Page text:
Conditions at Funk Dairy were “highly unhygienic,” even for an animal facility, the suit alleges (P. 14). The lawsuit claims the workers were not allowed a meal period, and instead ate in the milking area where they worked atop boxes or other materials amid flies and mice (P. 14).

The lawsuit details several of the veterinarians “sustained serious injuries” at the dairy. One had part of her index finger, injured while milking cows, amputated because the dairy didn’t “ensure she received the best possible medical treatment (e.g. reconstructive surgery) (Ps. 14-15).” The dairy refused another veterinarian who injured a finger more than 48 hours off, “claim[ing] that her other four fingers were enough for her to work. (P. 15).”

According to the complaint, one veterinarian was made to live in the basement of a home with “rats, spiders and insects, with no lighting or heating, and without furniture.” It was “uninhabitable” without heating during Idaho’s freezing winter (P. 15).  Other veterinarians lived in poor housing for which they were charged rents as high as $400 per month deducted from their pay despite assurances of free accommodations. The dairy conducted home surveillance and used keys to “perform unannounced inspections without plaintiffs’ consent or permission (P. 16).” The dairy failed to provide promised travel costs to and from Idaho; one veterinarian had the roughly $600 in travel expenses from Mexico deducted from his pay (P. 17).

Rather than resolve the veterinarians’ “complaints about repeated violations of the work agreement,” the workers allege the dairy threatened “to have them deported to Mexico if they displeased” management (P. 18). About one year into the veterinarians’ three-year NAFTA visas, the dairy terminated their labor contract and refused to pay for them to return to Mexico (P. 19).

NAFTA visa violation: In their suit, the veterinarians, all Mexican citizens, claim they “were admitted to the United States on a temporary basis by means of NAFTA Professional (TN) Visas to work” at Funk Dairy from about November 2014 to November 2015 (Ps. 4-5). “A TN Visa is a visa category within the North American Free Trade Agreement {NAFTA), and enables Canadian and Mexican citizens to enter the United States to engage in professional business activities on a temporary basis (Ps. 4-5).”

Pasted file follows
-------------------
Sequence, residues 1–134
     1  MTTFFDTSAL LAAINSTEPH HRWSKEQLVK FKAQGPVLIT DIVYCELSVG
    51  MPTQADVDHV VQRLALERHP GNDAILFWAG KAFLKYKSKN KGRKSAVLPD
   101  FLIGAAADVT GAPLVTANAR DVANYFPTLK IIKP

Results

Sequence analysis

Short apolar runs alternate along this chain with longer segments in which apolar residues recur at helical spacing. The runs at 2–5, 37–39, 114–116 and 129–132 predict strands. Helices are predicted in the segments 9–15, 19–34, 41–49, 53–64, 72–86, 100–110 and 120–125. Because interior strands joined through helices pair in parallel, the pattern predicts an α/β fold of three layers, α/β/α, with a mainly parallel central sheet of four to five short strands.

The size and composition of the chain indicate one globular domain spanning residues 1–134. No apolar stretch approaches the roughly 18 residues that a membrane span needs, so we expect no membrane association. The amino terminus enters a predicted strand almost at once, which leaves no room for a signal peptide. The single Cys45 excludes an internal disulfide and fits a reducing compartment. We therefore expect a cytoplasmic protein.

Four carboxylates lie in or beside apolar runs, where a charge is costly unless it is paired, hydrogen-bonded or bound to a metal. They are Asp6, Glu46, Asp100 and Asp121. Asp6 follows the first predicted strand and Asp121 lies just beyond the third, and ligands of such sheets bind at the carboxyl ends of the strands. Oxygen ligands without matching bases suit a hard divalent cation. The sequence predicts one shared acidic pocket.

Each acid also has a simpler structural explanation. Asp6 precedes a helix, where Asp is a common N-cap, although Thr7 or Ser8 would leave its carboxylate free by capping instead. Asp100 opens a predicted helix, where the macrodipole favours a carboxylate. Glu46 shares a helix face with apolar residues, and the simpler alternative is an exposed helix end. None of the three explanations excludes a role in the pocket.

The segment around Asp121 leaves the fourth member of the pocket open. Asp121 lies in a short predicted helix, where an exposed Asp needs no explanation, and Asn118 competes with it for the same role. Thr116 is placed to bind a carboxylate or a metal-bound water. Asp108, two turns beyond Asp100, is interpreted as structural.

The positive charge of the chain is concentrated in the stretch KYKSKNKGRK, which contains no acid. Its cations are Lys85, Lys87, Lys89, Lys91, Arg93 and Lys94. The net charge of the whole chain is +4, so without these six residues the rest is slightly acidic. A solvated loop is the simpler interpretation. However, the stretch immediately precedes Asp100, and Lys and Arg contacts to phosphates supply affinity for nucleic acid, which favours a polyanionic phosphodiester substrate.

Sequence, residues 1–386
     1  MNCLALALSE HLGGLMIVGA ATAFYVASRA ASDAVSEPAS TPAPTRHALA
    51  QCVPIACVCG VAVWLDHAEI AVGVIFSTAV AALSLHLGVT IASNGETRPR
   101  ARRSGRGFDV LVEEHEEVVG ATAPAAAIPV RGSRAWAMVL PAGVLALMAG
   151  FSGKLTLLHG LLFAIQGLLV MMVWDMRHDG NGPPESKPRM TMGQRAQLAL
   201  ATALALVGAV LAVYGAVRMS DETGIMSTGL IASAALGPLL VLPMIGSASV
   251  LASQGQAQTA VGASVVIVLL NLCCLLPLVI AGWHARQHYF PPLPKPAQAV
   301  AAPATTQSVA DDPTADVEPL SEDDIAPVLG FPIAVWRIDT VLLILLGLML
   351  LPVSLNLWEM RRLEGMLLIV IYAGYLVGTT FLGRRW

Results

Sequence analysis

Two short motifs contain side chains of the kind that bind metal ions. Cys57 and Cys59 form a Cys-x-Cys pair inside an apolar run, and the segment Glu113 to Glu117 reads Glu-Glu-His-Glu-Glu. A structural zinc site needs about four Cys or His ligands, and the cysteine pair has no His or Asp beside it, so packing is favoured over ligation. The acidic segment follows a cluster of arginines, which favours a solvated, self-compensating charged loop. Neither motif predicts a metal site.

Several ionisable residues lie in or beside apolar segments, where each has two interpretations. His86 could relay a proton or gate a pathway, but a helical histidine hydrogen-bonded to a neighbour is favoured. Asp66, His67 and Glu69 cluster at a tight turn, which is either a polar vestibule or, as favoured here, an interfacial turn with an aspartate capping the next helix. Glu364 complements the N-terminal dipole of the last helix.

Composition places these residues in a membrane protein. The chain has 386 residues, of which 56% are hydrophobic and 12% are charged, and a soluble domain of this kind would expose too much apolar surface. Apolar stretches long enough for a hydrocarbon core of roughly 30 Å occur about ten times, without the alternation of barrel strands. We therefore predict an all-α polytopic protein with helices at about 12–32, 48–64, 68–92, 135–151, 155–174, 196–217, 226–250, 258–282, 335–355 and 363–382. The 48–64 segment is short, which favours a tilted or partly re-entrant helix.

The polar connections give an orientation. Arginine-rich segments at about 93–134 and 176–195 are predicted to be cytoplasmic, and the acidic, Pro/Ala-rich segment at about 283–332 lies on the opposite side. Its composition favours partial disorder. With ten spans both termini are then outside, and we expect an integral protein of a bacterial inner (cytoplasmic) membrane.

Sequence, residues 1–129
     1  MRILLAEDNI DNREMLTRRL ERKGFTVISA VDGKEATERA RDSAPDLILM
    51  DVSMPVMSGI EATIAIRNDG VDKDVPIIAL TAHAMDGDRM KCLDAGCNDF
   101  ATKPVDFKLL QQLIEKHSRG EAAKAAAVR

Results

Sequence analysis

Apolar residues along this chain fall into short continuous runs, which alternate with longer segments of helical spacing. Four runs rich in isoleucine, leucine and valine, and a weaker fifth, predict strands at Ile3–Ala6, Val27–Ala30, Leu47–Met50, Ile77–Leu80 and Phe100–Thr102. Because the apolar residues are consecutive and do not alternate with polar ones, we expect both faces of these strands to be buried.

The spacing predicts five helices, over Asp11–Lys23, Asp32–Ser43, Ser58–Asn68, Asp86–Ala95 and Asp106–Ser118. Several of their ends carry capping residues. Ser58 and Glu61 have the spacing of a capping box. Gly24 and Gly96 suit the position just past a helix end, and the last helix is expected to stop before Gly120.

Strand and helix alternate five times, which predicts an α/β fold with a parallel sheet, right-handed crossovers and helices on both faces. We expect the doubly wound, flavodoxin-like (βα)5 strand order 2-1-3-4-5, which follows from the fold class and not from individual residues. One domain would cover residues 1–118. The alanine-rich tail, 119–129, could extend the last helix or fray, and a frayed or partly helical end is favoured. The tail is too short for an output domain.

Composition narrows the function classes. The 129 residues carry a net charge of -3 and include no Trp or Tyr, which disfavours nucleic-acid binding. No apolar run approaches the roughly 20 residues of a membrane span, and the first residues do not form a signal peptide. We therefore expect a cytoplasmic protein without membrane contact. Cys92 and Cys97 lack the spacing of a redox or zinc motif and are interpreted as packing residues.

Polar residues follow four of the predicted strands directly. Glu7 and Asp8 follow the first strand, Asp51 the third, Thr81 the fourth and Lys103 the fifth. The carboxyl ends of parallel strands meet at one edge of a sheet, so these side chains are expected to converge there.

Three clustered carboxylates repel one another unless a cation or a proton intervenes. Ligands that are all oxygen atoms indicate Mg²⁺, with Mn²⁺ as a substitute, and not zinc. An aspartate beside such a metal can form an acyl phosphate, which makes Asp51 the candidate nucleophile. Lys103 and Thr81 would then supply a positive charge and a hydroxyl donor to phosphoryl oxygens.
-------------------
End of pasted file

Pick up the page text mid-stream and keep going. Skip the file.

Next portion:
The suit alleges the dairy and its recruiters helped the veterinarians qualify for the NAFTA TN visas through the U.S. Embassy, coaching them “to specifically state that they were going to work at Funk Dairy as an ‘animal scientist.’” The dairy manager told the veterinarians “that if U.S. Department of State officials asked whether they would be performing general labor, such as milking cows or cleaning cow pens, that they should say no (P. 12).”

Violations of U.S. Victims of Trafficking Protection Act: The law’s forced labor provision states that “Whoever knowingly provides or obtains the labor or services of a person…by means of the abuse of law or the legal process, shall be fined or imprisoned not more than 20 years, or both (Ps. 19-20).” The lawsuit alleges that the dairy “knowingly obtained [the veterinarians’] services by (a) abusing the legal process through obtaining fraudulent NAFTA professional visas with no intention of providing professional work to plaintiffs, and by (b) causing plaintiffs to fear that they would be deported to Mexico for complaining about illegal working conditions (Ps. 19-20).”

The suit also alleges that the dairy broke the “trafficking into servitude provision” of this law that bans “recruiting, transporting, providing, or obtaining by any means any person for labor or services in violation of laws prohibiting peonage, slavery, involuntary servitude, or forced labor (P. 20).” The dairy and its representatives engaged in those illegal activities by obtaining the veterinarians “through fraud, deceit, and misrepresentation, knowing that plaintiffs, who are professionals, would not knowingly agree to work as general laborers for a dairy (P. 21).”

RICO violations: Finally, the lawsuit alleges the dairy and its representatives committed civil violations of the Racketeer Influenced and Corrupt Organizations Act (RICO) and that they constitute an illegal “RICO Enterprise” under federal law for engaging in interstate commerce with “activities and transactions relating to the international and interstate movement of workers through the procuring of NAFTA TN visas [that] affect interstate commerce, and require travel and communications across state and international lines (P. 21).” The RICO statute provides for extended criminal penalties and a civil cause of action.